1. At this point I express my respectful disagreement with the observation of McGill DCJ in Hopkins[18] where his Honour, speaking of the applicant's avoidance of a discussion of the incidents which caused her harm, said that this problem is:

"… not one which is readily accommodated within the framework of s 31 …  It is essentially concerned with facts which were in a practical sense not available to the applicant in time.  It is not, it seems to me, concerned with the situation where an applicant who was in possession of the important facts simply did not want to pursue the matter, for whatever reason.  I do not think that the situation is changed by the fact that the desire not to pursue the issue is in a sense caused by the psychiatric injury itself.  There is also a focus on what it was reasonable to do, which directs attention to what an ordinary reasonable person in the position of the applicant would have done, rather than what this applicant would have done, bearing in mind her personal emotional and psychological difficulties.  A 'reasonable person endowed with the knowledge and experience of the plaintiff' [Pizer (supra) at [20]] is different from a reasonable person suffering the same psychiatric condition as the plaintiff."

  1. In my respectful opinion, the observation made in the last sentence cited from his Honour's reasons is correct so far as it goes, but it fails to recognize that s 30(1)(c) is not concerned with what might be expected of a reasonable person; it is concerned with what might reasonably be expected of the applicant in the particular case. I acknowledge that the view which commended itself to McGill DCJ in Hopkins is not foreclosed by the course of authority, but I consider that the approach of the learned primary judge more closely accords with the text and structure of s 30 of the Act.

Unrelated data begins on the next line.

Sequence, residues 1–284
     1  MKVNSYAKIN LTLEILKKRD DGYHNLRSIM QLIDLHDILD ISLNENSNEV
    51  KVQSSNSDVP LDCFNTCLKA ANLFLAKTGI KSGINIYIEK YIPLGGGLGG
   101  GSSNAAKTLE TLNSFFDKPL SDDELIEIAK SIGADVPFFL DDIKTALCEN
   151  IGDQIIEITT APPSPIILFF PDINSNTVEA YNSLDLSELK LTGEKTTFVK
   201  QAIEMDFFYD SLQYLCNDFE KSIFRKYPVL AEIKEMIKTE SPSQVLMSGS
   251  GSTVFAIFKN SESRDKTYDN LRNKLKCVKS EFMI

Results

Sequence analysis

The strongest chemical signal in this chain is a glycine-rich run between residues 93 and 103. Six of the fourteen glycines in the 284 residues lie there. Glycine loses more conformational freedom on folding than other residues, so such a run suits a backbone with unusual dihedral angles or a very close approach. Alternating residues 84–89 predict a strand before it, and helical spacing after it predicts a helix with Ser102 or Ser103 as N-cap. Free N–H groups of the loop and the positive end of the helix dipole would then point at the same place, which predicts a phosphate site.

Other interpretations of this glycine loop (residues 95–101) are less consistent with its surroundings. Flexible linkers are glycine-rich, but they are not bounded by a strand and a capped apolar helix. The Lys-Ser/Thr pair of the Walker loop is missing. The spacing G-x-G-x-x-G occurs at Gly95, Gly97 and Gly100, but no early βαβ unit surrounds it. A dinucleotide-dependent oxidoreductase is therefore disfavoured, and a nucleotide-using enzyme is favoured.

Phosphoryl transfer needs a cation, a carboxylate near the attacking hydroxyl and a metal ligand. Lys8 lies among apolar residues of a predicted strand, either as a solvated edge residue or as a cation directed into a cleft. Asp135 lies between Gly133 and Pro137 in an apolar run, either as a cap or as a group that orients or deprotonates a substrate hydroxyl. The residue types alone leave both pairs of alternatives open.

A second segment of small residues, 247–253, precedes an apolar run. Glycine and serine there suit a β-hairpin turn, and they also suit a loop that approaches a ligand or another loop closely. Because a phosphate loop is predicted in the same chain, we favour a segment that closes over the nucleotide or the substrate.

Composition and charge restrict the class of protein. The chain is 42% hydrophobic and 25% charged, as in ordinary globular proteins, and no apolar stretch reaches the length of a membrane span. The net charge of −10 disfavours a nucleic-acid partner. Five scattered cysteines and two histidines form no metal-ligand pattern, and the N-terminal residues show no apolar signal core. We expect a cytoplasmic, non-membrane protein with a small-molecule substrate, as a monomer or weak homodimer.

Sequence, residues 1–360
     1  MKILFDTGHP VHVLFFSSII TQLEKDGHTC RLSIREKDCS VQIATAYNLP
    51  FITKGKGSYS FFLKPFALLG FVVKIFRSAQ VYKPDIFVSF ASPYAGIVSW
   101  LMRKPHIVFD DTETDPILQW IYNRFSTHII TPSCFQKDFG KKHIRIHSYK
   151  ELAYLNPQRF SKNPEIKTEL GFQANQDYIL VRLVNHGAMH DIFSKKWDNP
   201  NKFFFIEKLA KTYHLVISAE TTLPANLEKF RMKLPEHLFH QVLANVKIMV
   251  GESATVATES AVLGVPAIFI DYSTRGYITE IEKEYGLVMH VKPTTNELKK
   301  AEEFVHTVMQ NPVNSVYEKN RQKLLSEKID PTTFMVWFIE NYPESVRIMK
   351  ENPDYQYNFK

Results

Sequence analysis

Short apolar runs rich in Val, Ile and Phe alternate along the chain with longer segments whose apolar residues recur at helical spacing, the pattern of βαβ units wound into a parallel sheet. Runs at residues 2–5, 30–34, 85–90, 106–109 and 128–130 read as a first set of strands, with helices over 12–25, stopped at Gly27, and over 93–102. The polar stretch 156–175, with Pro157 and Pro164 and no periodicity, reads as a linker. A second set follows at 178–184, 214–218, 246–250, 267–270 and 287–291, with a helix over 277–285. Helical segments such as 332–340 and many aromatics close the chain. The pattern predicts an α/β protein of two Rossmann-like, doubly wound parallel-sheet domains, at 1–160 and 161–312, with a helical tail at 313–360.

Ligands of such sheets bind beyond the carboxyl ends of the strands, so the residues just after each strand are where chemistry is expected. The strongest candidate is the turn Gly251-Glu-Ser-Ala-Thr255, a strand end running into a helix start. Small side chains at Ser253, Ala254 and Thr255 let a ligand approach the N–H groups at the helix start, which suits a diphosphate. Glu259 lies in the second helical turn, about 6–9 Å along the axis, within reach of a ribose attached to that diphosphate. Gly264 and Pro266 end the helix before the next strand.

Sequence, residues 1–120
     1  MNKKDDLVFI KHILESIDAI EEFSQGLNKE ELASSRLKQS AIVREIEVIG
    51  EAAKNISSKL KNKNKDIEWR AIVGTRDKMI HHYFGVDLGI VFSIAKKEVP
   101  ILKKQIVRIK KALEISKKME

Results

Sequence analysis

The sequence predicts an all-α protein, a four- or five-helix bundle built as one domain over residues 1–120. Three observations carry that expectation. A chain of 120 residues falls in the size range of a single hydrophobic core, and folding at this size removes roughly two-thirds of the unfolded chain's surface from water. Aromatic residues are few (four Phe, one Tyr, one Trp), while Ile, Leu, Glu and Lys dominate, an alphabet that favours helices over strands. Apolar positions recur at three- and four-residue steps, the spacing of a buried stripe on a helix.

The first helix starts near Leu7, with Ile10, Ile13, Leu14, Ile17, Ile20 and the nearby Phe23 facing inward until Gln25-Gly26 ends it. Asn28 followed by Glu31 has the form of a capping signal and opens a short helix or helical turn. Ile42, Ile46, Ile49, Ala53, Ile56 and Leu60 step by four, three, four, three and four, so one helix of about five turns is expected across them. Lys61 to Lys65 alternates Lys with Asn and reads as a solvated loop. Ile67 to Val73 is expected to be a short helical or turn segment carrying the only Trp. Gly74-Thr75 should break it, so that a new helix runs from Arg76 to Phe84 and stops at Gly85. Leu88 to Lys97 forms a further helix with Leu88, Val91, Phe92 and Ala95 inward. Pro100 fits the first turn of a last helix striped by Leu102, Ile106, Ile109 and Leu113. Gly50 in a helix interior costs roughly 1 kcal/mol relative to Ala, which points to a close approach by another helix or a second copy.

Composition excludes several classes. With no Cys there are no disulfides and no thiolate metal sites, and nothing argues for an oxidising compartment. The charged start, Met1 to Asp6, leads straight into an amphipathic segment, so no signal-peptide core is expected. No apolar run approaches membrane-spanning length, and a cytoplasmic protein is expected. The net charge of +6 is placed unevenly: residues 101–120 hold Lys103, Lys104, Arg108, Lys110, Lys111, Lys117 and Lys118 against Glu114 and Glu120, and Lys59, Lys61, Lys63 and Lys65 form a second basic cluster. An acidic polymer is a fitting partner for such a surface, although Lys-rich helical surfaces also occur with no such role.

1. In summary, in relation to the first issue, I conclude that the learned primary judge was correct to conclude that the requirements of s 31(2)(a) were satisfied.

Section 31(2)(b) of the Act

  1. Consideration of the issue posed by s 31(2)(b) of the Act must begin with the recognition that, for the purposes of the application and this appeal, the appellant did not, and does not, seek to contend that it did not owe a duty of care to the respondent under the general law of tort, breach of which would sound against the appellant in damages for harm suffered by the respondent as a result of that breach.[19]
  1. The submission advanced by the appellant is that s 31(2)(b) is not satisfied in the present case because there was no evidence to establish, either that the Director had been negligent in his care of the respondent according to known standards during her time in the Director's care, or that the Director's negligence caused her psychological problems.
  1. The appellant's submission in relation to causation is disposed of by the evidence of Dr Atchison which affords a sufficient basis for rejecting this contention for the purposes of s 31(2)(b) of the Act.
  1. As to the appellant's submission in relation to negligence, it is clear that an applicant for an extension of time can meet the requirement imposed by s 31(2)(b) of the Act if the applicant can "point to the existence of evidence which it can reasonably be expected will be available at the trial and which will, if unopposed by other evidence, be sufficient to prove [her] case".[20]